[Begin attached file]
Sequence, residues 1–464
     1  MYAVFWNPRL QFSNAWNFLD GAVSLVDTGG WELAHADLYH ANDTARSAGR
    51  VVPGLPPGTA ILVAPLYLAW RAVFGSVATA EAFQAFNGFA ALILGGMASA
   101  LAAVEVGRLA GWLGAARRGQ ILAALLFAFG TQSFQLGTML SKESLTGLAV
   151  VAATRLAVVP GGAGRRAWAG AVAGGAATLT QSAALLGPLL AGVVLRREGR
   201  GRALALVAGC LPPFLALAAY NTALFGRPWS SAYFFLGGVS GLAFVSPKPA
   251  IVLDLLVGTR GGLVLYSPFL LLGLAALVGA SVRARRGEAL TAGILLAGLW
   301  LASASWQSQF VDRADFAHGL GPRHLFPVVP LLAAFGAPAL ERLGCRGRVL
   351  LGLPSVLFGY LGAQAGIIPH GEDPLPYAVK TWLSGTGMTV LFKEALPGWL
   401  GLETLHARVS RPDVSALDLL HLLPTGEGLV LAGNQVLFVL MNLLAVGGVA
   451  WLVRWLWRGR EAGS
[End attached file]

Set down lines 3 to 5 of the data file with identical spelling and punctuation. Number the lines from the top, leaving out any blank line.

    51  VVPGLPPGTA ILVAPLYLAW RAVFGSVATA EAFQAFNGFA ALILGGMASA
   101  LAAVEVGRLA GWLGAARRGQ ILAALLFAFG TQSFQLGTML SKESLTGLAV
   151  VAATRLAVVP GGAGRRAWAG AVAGGAATLT QSAALLGPLL AGVVLRREGR